This guest blog post is by Kevin Deierling, VP Marketing at Mellanox. We thank Mellanox for being a sponsor.
A recently published Tolly Report demonstrates that 25, 50, and 100 Gb/s Ethernet switches based on Mellanox Spectrum deliver predictable performance and Zero Packet Loss. By contrast, Broadcom Tomahawk-based switches showed fundamental weaknesses in three areas:
- Fairness: Port Dependent Bandwidth Allocation
- Packet Loss: Full wire speed switching performance for all packets sizes without dropping packets
- Microburst Resilience: Ability to tolerate temporary incast conditions without dropping packets
The report is quite interesting and worth reading. However, some may wonder whether these low-level problems actually matter at the application level. We decided to find out for ourselves – and it was pretty easy to demonstrate that low-level network performance issues definitely do affect application performance.
To judge application fairness for yourself you can watch these videos which show clients transferring three files to a server. These videos clearly show that the Spectrum Ethernet switch delivers application fairness, while the Broadcom Tomahawk based switch does not:
To measure application performance we used a simple setup: five client machines and one file server (as shown in Figure 1). In the test, a file is transferred from each of the five client machines to the file server. This is a common occurrence in the real world; for example, when periodic backups occur or when a distributed application accesses a central data store.
We focused on just one of the issues highlighted in the Tolly Report as a performance problem for Tomahawk-based switches: port-dependent fairness. Here the Tolly report looked at the port dependent bandwidth allocation in cases of many-to-one data transfers, to see whether the bandwidth allocated to the participating ports was fair.
At a high level, the results showed that the Tomahawk-based switch showed extremely unfair bandwidth allocation, while the Spectrum-based switch allocated bandwidth fairly regardless of which ports were used. These results are summarized in the graphs shown in Figure 2.
It’s worth noting that the Tomahawk switch behavior is highly dependent on exactly which ports are chosen. If you carefully choose the “right” ports and the “right number” of ports, you can mask the problem and make the switch look better.
The problem with this approach is that in general you have no idea which are the ‘right’ ports. Even if you could figure out which ports were the right ones, it is virtually impossible to consider specific ports when scheduling workloads.
This is particularly true in a virtualized environment, when the virtual machine associated with a workload can migrate to a different physical machine on the fly.
But the question remains whether this low-level result actually manifests itself at the application level.
To answer this question we chose a very simple application: file copy from a centralized server to client machines. This is of course an extremely basic test – but in fact representative of real-world applications which invariably have data files at the core of their operation. Even advanced distributed systems like databases, Hadoop big data analytic platforms, and object-based systems have at their heart a ‘file-like’ shared data repository.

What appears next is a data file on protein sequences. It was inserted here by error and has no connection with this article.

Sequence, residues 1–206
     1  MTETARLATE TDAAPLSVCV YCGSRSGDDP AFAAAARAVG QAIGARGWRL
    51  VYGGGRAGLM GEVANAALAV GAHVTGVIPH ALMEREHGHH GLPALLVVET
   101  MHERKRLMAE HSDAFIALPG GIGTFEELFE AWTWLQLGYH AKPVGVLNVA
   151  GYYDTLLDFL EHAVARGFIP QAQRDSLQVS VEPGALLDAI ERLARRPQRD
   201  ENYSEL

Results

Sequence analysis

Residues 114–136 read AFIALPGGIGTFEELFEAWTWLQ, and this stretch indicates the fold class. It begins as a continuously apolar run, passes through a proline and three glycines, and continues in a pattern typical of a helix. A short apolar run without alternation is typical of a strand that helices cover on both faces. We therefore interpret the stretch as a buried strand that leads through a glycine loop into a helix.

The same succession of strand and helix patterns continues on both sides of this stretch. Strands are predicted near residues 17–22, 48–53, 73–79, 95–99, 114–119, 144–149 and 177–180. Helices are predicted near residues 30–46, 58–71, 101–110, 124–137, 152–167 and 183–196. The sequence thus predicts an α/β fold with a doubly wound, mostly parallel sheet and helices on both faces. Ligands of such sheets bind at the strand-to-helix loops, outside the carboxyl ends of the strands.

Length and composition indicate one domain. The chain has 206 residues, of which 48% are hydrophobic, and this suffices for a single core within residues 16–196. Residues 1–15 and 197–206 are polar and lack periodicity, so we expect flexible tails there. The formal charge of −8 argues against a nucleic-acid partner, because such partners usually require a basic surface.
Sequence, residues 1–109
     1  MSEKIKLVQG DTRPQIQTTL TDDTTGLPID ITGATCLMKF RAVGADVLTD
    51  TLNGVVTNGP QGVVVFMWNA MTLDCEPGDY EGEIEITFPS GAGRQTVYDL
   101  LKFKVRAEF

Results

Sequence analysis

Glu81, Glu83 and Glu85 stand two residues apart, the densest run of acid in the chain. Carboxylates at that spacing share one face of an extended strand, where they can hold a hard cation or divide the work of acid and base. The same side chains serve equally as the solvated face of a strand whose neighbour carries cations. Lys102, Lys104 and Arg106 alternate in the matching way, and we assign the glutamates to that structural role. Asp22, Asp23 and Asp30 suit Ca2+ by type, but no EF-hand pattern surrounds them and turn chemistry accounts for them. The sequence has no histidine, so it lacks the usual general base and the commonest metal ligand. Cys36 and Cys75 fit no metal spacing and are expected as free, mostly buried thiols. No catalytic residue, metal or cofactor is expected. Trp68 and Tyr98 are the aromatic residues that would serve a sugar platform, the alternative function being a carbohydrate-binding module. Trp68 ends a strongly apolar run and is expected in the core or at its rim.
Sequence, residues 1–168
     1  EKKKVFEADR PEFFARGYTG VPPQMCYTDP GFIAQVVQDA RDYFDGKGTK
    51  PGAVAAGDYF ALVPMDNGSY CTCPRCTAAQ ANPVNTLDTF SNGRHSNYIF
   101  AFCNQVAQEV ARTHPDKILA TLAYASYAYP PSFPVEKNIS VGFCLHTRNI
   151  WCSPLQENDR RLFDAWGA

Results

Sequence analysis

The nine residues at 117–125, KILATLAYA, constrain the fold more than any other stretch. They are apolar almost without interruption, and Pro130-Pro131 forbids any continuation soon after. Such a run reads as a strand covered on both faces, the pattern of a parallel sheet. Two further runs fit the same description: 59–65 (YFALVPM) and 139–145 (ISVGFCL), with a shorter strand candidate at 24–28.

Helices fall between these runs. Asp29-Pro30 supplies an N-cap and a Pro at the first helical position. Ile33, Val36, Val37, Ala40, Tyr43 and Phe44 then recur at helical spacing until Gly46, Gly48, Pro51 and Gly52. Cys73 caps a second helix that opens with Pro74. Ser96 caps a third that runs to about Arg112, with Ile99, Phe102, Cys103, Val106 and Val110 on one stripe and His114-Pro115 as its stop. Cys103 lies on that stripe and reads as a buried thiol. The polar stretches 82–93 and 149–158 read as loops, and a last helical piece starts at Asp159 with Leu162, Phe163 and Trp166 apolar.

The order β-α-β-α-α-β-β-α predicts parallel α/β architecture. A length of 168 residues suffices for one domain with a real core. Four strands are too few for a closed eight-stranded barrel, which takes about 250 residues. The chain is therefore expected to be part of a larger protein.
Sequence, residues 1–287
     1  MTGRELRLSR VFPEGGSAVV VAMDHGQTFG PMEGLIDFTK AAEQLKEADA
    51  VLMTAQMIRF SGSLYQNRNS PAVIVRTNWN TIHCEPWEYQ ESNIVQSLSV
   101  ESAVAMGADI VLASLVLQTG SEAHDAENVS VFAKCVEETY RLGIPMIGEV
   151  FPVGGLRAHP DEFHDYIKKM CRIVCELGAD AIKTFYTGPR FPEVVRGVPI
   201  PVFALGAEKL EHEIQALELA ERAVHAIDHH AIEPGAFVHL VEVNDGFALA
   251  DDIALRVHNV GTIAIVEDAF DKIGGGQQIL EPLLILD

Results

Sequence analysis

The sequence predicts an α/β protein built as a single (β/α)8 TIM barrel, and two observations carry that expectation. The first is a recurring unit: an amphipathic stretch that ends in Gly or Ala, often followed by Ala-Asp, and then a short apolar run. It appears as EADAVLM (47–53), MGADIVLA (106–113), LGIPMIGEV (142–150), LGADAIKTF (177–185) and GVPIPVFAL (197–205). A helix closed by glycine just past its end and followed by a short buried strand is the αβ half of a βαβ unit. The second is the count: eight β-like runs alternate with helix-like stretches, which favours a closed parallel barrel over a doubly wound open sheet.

Application Performance Test Results
In an ideal situation, each of the clients would receive a fair (meaning equal) portion of the overall available file system performance. As can be seen in the video of our test there is one client that receives half of the available backup performance, while each of the other four clients must share the remaining available bandwidth.
Looking at a screenshot of the tests, the file transfer performance is extremely unfair when using the Tomahawk-based switch. One client’s file transfer is nearly finished (94% complete) while the other four clients are only 22%-26% complete.
The actual measured allocation of bandwidth for the file transfer is summarized in Figure 4. As can be seen, the Tomahawk exhibits extreme unfairness, with one client receiving half of the available bandwidth and the other four being forced to share the remaining file transfer bandwidth.
By contrast the Spectrum-based switches allocates the file transfer bandwidth fairly to each of the five client machines.
The issue of fairness is problematic for cloud and service providers trying to offer service level guarantees, because the lack of fairness is dependent to which port a particular customer is connected.
This is even more problematic in a virtualized environment where the VM associated with a particular customer can migrate to another machine – resulting in completely different physical port connectivity and thereby radically changing the customer user experience. Clearly, fair and predictable application performance is important in multi-tenant situations.
This testing has clearly shown that the low-level fairness issue does indeed impact higher level application performance. File access and networked data transfer underlies virtually all higher-level applications. Further study is needed to show how other applications such as analytics and transaction processing will be impacted by both the fairness issue and the other low-level problems of Tomahawk-based Ethernet switches.
Contact Mellanox today to get a Spectrum Ethernet switch for a proof of concept evaluation. A very simple test can demonstrate whether your Ethernet switch is impacting your application performance.